Iranian Women Are Dressing As Men. Here’s Why.
Women in Iran are now chopping off their hair and dressing up as men all in order to avoid the theocratic state’s morality police. In response to public discontent over compulsory hijab laws, Iran’s governing mullahs are reinforcing legislation aimed at punishing women for violating Islamic “immodesty” customs. As a result, Iranian women have resorted to extreme measures to evade persecution. Many women no longer feel safe roaming the streets without pretending to be men.
This week alone, eight Iranian models were taken into custody after the morality police determined that the women were improperly veiled or not veiled at all. Authorities labeled this disobedience as “vulgar.”
Iran’s government has even taken this war against women online. The Daily Beast’s Maajid Nawaz explains:
Welcome to Operation Spider 2. Yes, Iran’s War Against Hair even has a code name. In a sting led by no less significant a unit than Iran’s cybercrimes division, eight other models were arrested and charged with “promoting western promiscuity.” State prosecutor for cybercrimes Javad Babaei confirmed that his unit was focused on Instagram and is concerned with “sterilizing popular cyberspaces.” Many of the country’s leading models have reportedly suffered this clampdown. They are accused of promoting "immoral and un-Islamic culture and promiscuity.” Another state prosecutor warned the nation’s women, “If you take part in vulgar sessions, we will publicly announce your names.”
Many women have chosen to shut down all social media activity, fearing retribution from the state.
This sort of savage religious fanaticism and theocratic tyranny is enforced by vigilante "morality police" sanctioned by Ayatollah Ali Khamenei, Iran’s Supreme Leader. Under the patronage of sexually-repressed clerics, Basij paramilitary militias systematically target men with “homosexual” and “devil worshipping” hairstyles, imprison religious minorities for not properly recognizing Shia-Islamic superiority, and harass women for sartorial infractions.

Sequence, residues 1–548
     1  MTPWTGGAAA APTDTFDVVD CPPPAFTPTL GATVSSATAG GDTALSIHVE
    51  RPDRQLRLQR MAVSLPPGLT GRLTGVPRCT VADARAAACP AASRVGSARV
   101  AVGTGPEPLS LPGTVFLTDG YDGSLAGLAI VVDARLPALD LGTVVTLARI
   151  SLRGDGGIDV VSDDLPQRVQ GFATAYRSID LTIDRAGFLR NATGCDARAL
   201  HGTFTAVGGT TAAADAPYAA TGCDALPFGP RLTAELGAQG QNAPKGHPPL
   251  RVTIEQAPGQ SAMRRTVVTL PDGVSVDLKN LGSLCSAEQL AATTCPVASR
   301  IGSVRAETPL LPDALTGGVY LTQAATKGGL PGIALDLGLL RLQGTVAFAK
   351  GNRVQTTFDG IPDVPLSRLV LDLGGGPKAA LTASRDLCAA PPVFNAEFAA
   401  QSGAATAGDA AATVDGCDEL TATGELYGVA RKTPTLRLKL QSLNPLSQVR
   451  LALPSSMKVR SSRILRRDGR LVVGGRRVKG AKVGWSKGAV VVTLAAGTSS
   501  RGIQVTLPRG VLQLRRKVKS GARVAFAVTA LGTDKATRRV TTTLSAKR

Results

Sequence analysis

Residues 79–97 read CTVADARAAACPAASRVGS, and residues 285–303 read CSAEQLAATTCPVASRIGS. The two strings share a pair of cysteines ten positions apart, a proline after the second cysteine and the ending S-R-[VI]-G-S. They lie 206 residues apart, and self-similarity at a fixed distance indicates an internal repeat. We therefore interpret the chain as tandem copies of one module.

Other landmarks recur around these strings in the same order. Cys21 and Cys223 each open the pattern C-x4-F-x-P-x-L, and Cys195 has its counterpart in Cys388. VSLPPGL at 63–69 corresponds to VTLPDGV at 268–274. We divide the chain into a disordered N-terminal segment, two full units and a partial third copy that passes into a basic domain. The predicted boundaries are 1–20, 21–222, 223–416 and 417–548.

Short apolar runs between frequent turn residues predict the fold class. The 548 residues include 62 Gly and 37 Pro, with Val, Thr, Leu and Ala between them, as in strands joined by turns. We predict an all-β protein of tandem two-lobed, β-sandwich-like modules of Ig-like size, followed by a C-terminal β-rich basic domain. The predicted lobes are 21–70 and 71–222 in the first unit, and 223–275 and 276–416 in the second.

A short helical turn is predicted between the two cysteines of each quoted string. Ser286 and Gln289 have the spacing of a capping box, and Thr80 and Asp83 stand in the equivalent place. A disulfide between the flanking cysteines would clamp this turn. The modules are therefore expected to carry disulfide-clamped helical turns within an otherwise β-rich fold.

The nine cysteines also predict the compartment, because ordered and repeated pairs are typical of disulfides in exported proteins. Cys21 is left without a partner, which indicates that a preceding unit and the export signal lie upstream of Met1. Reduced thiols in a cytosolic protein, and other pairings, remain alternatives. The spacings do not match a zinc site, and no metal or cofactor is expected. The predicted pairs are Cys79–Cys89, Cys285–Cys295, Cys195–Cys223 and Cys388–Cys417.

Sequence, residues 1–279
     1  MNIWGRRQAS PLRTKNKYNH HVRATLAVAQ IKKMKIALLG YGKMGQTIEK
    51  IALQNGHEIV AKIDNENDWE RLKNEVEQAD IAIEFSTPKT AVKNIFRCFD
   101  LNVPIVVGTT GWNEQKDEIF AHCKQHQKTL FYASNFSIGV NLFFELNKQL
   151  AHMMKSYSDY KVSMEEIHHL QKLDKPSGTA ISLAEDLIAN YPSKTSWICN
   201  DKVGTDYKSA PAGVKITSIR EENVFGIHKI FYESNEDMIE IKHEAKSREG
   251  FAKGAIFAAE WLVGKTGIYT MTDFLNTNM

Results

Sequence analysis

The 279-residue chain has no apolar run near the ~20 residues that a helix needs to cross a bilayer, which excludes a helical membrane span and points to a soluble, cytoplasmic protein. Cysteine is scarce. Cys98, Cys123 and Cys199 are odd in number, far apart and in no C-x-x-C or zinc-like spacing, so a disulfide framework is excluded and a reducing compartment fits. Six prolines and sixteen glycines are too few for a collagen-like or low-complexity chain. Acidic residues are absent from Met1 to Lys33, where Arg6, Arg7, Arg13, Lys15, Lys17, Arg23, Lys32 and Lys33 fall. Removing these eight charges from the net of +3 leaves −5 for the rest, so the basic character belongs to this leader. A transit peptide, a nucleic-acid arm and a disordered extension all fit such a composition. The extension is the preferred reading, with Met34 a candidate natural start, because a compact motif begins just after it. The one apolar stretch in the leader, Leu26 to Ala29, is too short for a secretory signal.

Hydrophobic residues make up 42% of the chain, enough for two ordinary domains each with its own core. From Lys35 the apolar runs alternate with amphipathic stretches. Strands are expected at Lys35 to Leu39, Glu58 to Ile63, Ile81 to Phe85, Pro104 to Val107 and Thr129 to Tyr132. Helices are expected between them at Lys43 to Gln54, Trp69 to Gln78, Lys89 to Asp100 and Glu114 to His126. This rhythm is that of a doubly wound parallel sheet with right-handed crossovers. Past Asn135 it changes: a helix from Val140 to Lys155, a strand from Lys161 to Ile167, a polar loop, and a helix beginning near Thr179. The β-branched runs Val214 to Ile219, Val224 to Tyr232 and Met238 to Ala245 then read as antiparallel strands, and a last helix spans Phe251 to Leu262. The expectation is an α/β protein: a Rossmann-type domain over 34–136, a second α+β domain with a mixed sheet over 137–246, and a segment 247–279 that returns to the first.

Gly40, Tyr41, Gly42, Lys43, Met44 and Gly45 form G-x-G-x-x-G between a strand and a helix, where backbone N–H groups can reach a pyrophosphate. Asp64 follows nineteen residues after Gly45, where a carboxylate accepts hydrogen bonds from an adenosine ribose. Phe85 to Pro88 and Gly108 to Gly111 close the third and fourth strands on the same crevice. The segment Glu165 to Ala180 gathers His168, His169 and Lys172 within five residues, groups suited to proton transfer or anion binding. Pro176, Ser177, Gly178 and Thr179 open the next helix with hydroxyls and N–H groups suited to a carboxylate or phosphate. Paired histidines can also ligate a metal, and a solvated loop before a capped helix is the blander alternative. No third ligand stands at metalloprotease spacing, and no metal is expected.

“Such is the Iranian theocracy’s fascination with female hair, that even elected officials have not been spared by the morality police,” notes Nawaz. “The drug that dogmatic ideologues are usually addicted to is control, and the thirst for control almost always manifests itself in sexual control.”
Sometimes, women who fail to wear the veil properly have acid thrown in their faces by over-zealous men keen on maintaining the status quo. Acid attacks in Isfahan, Iran have disfigured innumerable women. For these forgotten women, the physical and emotional scars will never heal. If ever there was a consistent consumer for hijabs, it would be here. While it may be a “choice” in the West (see: Stockholm Syndrome), threats of physical abuse and intimidation ensure that women in Iran and other patriarchal societies will always find time to buy a hijab.
As the 2009 Green Movement proves, Iranians feel suffocated by Khomeini-inspired mandates. While the movement was mercilessly suppressed, leaving the bodies of Iranian feminist activists and democratically-minded students in its wake, women in the country still yearn from freedom.
With the odds stacked against them, Iranian feminist movements like “My Stealthy Freedom” fight against the oppressor, risking life and limb to promote the novel idea that perhaps, women should be free to wear what they want. According to the group’s website:
My Stealthy Freedom is an online social movement that was started by Iranian journalist Masih Alinejad on May 3, 2014. Since the Islamic Revolution in 1979 women in Iran have had to cover their hair in public, but many Iranian women and men feel that wearing a hijab in public should be a personal choice.
To address this issue we created a Facebook page where women from inside Iran could share photos of themselves not wearing their hijabs. Our website is a living archive of the photos and videos shared with us by these brave women...